Quinnipiac puts emphasis on keeping campus as safe as possible

By Nick Williams

As shootings have become more common in American schools, the importance of active shooter protocol is exaggerated. 

Connecticut has a history of violence on school campuses. Sandy Hook Elementary School in Newtown was attacked by an active shooter in 2012. The gunman killed 27 staff members and students during the tragedy. 

Despite its impressive safety record, Quinnipiac University hasn’t escaped the need to prepare its campus for the worst.

Quinnipiac was named 2014’s safest college in America by University Primetime according to the Quinnipiac Chronicle. The number of criminal offenses have decreased by nearly 45 percent from 2014 to 2016 on campus according to Quinnipiac’s 2017 Annual Security and Fire Safety Report.

Alertus alert sys JRN498.jpg

Criminal offenses may be down but co-chair of the emergency management team at Quinnipiac, Keith Woodward, believes that is no reason to forget emergency protocol. “Keeping safety in the forefront of our community is something we do, and we don’t take it for granted,” Woodward said.
The Quinnipiac University emergency management team sent an email to all faculty and staff at the end of January. The email was regarding important safety information and outlined the emergency alert systems used by Quinnipiac. It also supplied faculty procedure in specific emergency situations.

Included in the email was information for Quinnipiac’s emergency text and Alertus computer alert systems. It also gave instructions for the Rave Guardian App, a free app that provides “rapid and proactive” communication to emergency services and contacts.

Woodward also said that the information in the email was not new. Faculty procedure for the scenarios of an active shooter, lockdown, evacuation and shelter in place are all described in the email. They are advised to know two exits from the classroom outside as well as a hiding spot in the classroom. They should also be familiar with the types of emergency messages. Similar protocol for students can be found on Quinnipiac’s MyQ student portal. 

Assistant Professor of Journalism, Ben Bogardus, feels that most emergencies are common sense. “Things like, ‘if the fire alarm goes off, leave the building’ and ‘if a student collapses, call 911,” Bogardus said. When asked about preparedness for emergencies in the classroom however, he says, “there needs to be more information on what to do in situations where we [the class] need to stay in the room.”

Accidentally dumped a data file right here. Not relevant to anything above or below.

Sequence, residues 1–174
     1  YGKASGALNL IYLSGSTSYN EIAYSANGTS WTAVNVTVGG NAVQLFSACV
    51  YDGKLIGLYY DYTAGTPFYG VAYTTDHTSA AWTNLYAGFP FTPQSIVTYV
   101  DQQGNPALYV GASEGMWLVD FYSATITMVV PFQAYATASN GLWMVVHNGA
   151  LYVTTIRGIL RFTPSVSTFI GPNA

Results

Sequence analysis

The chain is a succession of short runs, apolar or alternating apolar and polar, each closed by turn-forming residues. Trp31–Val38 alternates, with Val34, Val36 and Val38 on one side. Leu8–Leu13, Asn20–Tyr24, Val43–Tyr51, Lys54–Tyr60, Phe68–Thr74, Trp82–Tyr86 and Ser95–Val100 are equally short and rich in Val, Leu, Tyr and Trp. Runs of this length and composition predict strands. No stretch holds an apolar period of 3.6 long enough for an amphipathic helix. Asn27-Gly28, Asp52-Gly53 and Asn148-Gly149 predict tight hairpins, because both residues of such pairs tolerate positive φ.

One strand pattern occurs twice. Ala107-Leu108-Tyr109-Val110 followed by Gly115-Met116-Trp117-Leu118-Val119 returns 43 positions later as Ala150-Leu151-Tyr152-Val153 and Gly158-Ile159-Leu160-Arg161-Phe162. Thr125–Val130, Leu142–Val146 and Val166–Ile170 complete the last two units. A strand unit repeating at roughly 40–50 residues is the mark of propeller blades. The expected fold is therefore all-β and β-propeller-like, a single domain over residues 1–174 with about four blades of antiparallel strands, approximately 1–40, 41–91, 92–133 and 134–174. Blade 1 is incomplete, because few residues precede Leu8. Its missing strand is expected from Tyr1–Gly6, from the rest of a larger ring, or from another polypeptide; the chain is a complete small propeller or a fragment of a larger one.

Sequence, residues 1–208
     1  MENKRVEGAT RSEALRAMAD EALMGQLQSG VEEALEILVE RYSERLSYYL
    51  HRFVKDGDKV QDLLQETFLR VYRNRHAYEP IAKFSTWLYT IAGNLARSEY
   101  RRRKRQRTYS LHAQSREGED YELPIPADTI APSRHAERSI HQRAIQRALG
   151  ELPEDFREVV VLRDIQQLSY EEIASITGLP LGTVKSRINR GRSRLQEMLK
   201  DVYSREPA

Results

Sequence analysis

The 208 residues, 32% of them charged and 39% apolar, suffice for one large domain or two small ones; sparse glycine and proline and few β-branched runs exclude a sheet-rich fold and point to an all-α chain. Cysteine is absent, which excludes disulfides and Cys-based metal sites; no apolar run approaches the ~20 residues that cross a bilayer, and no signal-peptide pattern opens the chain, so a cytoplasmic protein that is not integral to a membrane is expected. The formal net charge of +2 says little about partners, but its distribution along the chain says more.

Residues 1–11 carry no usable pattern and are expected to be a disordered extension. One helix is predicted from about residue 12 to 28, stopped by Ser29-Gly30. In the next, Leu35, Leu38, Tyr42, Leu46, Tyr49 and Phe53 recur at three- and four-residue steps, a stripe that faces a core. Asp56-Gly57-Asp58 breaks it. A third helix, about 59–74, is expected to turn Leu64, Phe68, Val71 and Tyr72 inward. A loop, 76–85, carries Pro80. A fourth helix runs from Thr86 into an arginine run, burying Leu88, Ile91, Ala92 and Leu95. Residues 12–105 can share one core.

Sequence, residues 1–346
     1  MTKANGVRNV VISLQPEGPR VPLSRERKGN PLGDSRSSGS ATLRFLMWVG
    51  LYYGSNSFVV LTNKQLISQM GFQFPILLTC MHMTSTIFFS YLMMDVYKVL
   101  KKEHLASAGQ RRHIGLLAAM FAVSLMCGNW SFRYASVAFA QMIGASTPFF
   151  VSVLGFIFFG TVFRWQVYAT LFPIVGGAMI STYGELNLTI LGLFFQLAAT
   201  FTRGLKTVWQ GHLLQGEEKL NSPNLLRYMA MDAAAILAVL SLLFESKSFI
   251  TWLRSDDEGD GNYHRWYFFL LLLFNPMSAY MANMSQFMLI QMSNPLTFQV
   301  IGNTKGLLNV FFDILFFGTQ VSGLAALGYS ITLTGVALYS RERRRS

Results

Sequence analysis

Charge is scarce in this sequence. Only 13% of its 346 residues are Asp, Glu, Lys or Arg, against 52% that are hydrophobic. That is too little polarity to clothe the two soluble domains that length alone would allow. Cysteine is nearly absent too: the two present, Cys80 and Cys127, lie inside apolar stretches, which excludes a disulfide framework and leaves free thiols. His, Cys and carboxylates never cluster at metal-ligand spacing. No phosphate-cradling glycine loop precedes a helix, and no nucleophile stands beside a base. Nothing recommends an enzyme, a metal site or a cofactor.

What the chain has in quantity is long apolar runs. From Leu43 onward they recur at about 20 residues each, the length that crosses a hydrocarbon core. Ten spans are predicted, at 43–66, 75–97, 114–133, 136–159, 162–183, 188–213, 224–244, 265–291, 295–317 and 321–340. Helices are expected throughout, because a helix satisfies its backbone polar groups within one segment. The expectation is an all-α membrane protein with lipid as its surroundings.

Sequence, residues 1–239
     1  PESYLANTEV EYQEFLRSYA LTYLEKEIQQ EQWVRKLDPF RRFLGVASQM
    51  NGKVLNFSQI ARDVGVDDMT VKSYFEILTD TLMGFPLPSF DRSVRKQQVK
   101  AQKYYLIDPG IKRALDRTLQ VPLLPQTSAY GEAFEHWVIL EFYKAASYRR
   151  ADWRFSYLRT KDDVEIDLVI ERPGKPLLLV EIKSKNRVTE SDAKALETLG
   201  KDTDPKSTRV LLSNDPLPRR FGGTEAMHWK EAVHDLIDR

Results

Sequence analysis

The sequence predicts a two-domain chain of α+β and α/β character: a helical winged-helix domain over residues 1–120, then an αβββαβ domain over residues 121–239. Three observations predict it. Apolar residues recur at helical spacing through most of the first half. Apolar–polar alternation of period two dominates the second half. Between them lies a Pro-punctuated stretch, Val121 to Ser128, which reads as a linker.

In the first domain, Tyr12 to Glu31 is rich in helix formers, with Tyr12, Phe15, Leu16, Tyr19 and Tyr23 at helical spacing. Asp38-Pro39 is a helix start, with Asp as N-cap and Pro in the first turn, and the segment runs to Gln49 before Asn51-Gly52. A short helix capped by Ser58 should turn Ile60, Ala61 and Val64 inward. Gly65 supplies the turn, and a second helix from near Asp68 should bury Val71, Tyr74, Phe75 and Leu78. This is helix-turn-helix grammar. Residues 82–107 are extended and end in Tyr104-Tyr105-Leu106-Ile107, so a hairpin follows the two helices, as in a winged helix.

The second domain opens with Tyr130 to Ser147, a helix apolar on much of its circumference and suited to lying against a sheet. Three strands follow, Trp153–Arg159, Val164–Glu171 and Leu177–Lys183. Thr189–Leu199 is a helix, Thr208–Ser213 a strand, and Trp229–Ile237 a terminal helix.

Emergency text alerts JRN 498.png

Compared to the Hamden public school system, Quinnipiac is more prepared for emergency situations. Listed under the district policies of Hamden Public School’s website is their “Emergencies and Disaster Preparedness.” The website only has procedure for fires, bomb threats and emergency closings under said category.
Another clear difference between Quinnipiac and Hamden public schools is the distribution and depth of information. The Hamden public school’s safety information was difficult to find, but Quinnipiac’s information is promoted through alert systems, emails and student portals.
Quinnipiac may have safety information readily available, but it is not necessarily well received. Many students admit that they are not signed up for or even aware of Quinnipiac’s several alert systems. Christian Quigley, a sophomore biomedical marketing major, said he receives email alerts from the school during power outages, parking closures and local emergencies. However, he said has no additional alert app or service from Quinnipiac. 

Similarly to professor Bogardus, Quigley had no prior knowledge that the safety information for events such as active shooters and lockdowns was readily available.  

“Training to every scenario is not a goal we chase,” Woodward explains. However he hopes the information helps by educating the community on how to react to situations.
Senior Angela Varney felt early application was the best option for Quinnipiac to improve their safety information distribution. “The best way to inform students of their service would be to introduce alert systems in Freshman seminar classes,” Varney said.
For more specific emergency situations and procedure go to ‘Health and Campus Safety’ on Quinnipiac’s website.